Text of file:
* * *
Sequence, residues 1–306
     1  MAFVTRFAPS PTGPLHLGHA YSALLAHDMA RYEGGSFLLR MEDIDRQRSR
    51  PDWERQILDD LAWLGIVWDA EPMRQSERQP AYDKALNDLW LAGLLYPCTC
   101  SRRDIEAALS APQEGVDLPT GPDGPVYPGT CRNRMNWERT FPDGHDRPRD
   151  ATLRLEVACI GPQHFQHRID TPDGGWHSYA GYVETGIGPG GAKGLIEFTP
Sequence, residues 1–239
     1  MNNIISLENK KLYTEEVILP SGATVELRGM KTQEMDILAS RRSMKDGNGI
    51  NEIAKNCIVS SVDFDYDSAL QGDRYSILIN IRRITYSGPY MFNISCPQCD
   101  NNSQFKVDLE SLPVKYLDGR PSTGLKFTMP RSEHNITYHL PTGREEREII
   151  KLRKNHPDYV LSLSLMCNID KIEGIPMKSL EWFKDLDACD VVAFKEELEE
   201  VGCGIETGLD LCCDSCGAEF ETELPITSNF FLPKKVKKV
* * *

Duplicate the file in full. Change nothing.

Sequence, residues 1–306
     1  MAFVTRFAPS PTGPLHLGHA YSALLAHDMA RYEGGSFLLR MEDIDRQRSR
    51  PDWERQILDD LAWLGIVWDA EPMRQSERQP AYDKALNDLW LAGLLYPCTC
   101  SRRDIEAALS APQEGVDLPT GPDGPVYPGT CRNRMNWERT FPDGHDRPRD
   151  ATLRLEVACI GPQHFQHRID TPDGGWHSYA GYVETGIGPG GAKGLIEFTP
Sequence, residues 1–239
     1  MNNIISLENK KLYTEEVILP SGATVELRGM KTQEMDILAS RRSMKDGNGI
    51  NEIAKNCIVS SVDFDYDSAL QGDRYSILIN IRRITYSGPY MFNISCPQCD
   101  NNSQFKVDLE SLPVKYLDGR PSTGLKFTMP RSEHNITYHL PTGREEREII
   151  KLRKNHPDYV LSLSLMCNID KIEGIPMKSL EWFKDLDACD VVAFKEELEE
   201  VGCGIETGLD LCCDSCGAEF ETELPITSNF FLPKKVKKV